Custom 1936 Harley Davidson

Published by Cyril Huze April 24th, 2017

Motorcycle advertising campaigns with a great consistent theme have produced great sales to consumers. Having a deep education and professional background in marketing and advertising to which was mixed my love for motorcycles, with a few others in the current custom industry  I am over appreciative of what Harley-Davidson has accomplished in terms of popularity, culture and respect all over the world.

And when Customs Builders volunteer their know how to enrich and extend this H-D branding without betraying it, it makes me happy…To be simple, where marketing is to sell a motorcycle, pushusing it to consumers, branding aims to establish a significant and differentiated presence in the market that attracts and retains loyal customers.

What a better example than the desirable characteristics bred or rebred into the Harley WL. Like others, I am convinced that this H-D model owns an indestructible/forever immortal bloodline.


I don’t mind that some will not find this WL period-correct, or too Bobber or too Bling or whatever of your choice. Branding is the expression of the essential truth of an organization like Harley-Davidson .


The WL characteristics, values, and attributes continue to activates new buyers of new models, advocates, even evangelists, out of all those who buy and customize…


Flash back to 1931. All of Harley-Davidson’s remaining American competition is now gone except Indian (Hendee Manufacturing) and Harley-Davidson, the only two American motorcycle manufacturers until 1953. At that time, the scene was mainly a game of choosing between Miles or Speed. Joe Petrali begins a five-year consecutive streak of winning the AMA Grand National Championship. Petrali also wins the National Hill-Climb Championships for 1932 to 1935. Joe Petrali and his Harley-Davidson peashooter win all thirteen of the American Motorcycle Association National Championship dirt track races. In 1936, Harley-Davidson introduces the EL, an overhead valve, 61 cubic inch powered bike. With increased horsepower and bold styling changes, the motorcycle quickly earns the nickname of “Knucklehead,” due to the shape of its rocker boxes.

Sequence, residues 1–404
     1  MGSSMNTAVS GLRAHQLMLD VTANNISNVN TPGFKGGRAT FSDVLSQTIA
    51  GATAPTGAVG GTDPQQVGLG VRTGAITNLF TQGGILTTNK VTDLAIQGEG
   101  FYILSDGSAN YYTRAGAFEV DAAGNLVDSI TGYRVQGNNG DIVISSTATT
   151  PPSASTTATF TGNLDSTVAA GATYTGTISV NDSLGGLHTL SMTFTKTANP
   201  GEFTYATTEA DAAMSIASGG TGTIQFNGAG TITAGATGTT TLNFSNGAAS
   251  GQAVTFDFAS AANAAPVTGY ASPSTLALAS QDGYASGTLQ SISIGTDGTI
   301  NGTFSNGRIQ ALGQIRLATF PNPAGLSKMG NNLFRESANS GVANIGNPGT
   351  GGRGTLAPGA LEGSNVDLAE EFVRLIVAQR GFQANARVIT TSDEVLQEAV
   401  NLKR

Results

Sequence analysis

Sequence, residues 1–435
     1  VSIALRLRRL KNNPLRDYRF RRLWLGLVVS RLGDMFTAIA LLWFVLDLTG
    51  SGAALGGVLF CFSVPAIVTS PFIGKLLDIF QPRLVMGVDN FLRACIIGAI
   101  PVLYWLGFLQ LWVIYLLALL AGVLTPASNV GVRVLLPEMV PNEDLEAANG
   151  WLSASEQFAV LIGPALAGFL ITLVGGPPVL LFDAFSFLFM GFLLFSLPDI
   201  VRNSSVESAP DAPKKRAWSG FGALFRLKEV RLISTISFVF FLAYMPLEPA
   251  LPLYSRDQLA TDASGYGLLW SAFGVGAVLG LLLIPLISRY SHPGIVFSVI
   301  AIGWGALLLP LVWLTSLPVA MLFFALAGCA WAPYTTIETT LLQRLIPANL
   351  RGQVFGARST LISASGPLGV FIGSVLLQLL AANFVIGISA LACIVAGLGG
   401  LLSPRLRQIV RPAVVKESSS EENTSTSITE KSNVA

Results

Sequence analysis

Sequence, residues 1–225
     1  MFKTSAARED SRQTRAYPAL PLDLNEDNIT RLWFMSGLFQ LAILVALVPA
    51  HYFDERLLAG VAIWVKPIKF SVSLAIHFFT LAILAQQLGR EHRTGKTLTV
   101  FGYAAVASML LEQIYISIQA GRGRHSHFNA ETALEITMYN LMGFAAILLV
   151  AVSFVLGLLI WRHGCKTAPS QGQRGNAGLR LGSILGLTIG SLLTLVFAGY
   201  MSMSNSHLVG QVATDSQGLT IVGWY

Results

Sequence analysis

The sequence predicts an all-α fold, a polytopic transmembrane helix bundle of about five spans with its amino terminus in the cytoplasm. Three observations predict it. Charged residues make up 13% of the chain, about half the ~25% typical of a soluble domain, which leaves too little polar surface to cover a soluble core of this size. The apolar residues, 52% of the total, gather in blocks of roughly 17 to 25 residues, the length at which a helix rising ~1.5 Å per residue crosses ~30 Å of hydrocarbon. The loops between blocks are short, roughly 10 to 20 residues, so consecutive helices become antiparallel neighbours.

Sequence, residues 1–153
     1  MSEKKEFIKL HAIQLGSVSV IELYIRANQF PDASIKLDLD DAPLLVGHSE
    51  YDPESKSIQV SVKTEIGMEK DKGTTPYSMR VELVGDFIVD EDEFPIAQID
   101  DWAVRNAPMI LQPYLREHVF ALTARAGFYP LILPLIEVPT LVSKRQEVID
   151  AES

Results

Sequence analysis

This custom 1936 WL intends to perpetuate the Harley bloodline and was born from the meeting of Michael Lorum in its Poland barn with Miro from EastSide Customs in Germany. At Miro‘s workshop, Michael recognized a wreck sitting in a corner but it looked like there was nothing left to restore, although a few pieces could be recognized and dated from a 1936 WL paperwork. Worth doing something? Yes, they decided although they are still looking at how the WL fragments landed there…


Of course, dedication and persistence are the names of the game and just as an illustration. this custom WL is in big bart a very patient process of straightening, of smoothing out, of “true” gold plating and hardwiring with all the risks involved in working with such a soft, malleable, and ductile metal… Add to this very preciously curved wood parts, an another material very little used on motorcycles and requiring to be a great artist. Admire handgrips, floorboards, kicker pedal, shifting, etc. Under the right light at night, it looks like a very light elegant Duesenberg, You know the type of vehicles creating a non-breakable brand bloodline for generations to come .(photos @ Gerd Scheidel at Studio 1, text with help Horst Röesler written by Cyril Huze, model Jaqueline).


Name. Harley-Davidson Flathead WL Owner. Michael Lorum Location. Switzerland Assembly. Miro, East Side Custom,, Germany Year. 1936-2015/16 1 year work Value. Not for sale Frame. Stock HD single downtube, smoothened out and re-painted Motor. 1936/2016 Harley-Davidson Flathead Displacement. 745 cm3 (45 Cubic-Inch) Carburator. Dell‘Orto

Air cleaner. Eastside Custom Cycles
Completely restored motor, gold-plated, details, nuts & bolts. Completely restored motor, gold-plated details, nuts & bolts.
Transmission year 1936, Stock HD, Kickstart only, 3-speed
Primary. Eastside Custom Cycles Belt Drive. Secondary. Chain-drive



Steve Carpenter

Leave a Reply

Your email address will not be published. Required fields are marked *